William II of Holland

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William II of Holland (February 1228 – 28 January 1256) was a Count of Holland and Zeeland (1235–1256). He was elected as German anti-king in 1247 and remained king until his death.

He was the son of Floris IV and Mathilde of Brabant. When his father was killed at a tournament at Corbie, William was only seven years old. His uncles William and Otto (bishop of Utrecht) were his guardians until 1239.

With the help of Henry II, Duke of Brabant and the archbishop of Cologne, he was elected in 1247 as king of Germany after Emperor Frederick II was excommunicated. After a siege of five months, he took Aachen in 1248 from Frederick's followers. Only then could he be crowned as king. He gained a certain amount of theoretical support from some of the German princes after his marriage to Elizabeth, daughter of Otto the Child, Duke of Brunswick-Lüneburg, in 1252; but, although "William lacked neither courage nor chivalrous qualities (...) his power never extended beyond the Rhine country."[1]

In his home county, William fought with Flanders for control of Zeeland. He made himself (being king of Germany) count of Zeeland. In July 1253, he defeated the Flemish army at Westkapelle, and a year later a cease-fire followed. His anti-Flemish policy worsened his relationship with France.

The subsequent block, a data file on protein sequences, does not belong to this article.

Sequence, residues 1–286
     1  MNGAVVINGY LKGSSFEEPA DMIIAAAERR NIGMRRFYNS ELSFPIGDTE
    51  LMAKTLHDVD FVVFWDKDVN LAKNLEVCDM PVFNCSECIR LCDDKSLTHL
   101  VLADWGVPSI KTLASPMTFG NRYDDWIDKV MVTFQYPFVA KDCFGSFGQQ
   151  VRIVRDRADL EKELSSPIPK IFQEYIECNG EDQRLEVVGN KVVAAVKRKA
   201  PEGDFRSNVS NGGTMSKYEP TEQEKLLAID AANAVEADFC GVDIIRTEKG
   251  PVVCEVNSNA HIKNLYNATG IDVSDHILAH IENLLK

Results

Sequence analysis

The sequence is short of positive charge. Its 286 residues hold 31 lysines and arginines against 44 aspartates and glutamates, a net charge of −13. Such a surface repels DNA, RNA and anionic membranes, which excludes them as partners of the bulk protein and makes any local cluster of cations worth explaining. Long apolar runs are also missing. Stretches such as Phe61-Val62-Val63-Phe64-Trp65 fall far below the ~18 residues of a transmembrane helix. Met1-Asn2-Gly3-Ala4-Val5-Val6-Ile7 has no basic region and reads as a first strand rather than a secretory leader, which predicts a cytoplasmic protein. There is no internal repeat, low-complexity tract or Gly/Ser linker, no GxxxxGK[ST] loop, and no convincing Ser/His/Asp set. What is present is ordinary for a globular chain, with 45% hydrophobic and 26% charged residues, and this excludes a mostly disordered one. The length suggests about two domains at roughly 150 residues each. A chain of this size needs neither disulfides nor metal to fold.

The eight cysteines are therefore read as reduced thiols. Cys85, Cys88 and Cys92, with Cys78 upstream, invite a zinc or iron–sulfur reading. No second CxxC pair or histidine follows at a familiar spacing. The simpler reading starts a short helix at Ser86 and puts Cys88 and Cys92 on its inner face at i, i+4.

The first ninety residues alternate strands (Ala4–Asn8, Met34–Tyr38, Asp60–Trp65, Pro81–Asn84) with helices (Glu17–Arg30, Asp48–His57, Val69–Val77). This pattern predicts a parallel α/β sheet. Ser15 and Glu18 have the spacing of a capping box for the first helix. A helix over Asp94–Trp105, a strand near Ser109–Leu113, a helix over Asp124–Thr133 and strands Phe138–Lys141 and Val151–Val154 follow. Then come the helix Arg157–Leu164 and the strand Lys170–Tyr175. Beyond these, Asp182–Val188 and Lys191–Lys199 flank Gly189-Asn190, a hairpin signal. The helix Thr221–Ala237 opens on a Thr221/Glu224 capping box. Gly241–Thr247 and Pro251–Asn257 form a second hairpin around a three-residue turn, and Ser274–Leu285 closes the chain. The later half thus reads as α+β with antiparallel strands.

From 1254, he fought a number of wars against the West Frisians. He build some strong castles in Heemskerk and Haarlem and created roads for the war against the Frisians.

Melis Stoke, a scribe employed by William's son Floris of Holland wrote the following about his death. In battle near Hoogwoud on 28 January 1256, William tried to traverse a frozen lake (by himself, because he was lost), but his horse fell through the ice. In this vulnerable position, William was killed by the Frisians, who secretly buried him under the floor of a house. His body was (forcefully) recovered 26 years later by his son Floris V, who was only 2 years old when he succeeded his father. William was then buried in Middelburg. Independent chronicles confirm his death at that time (by failing to jump over a muddy water way during a skirmish). Much of Stoke's writing may have been to justify his employer's deeds and his claim on current-day West Frisia, so that the details of the mishap and subsequent events could be largely legendary[2].

William gave city rights to Haarlem, Delft, 's-Gravenzande and Alkmaar. A castle he had built in 1248 was the beginning of the city of The Hague.


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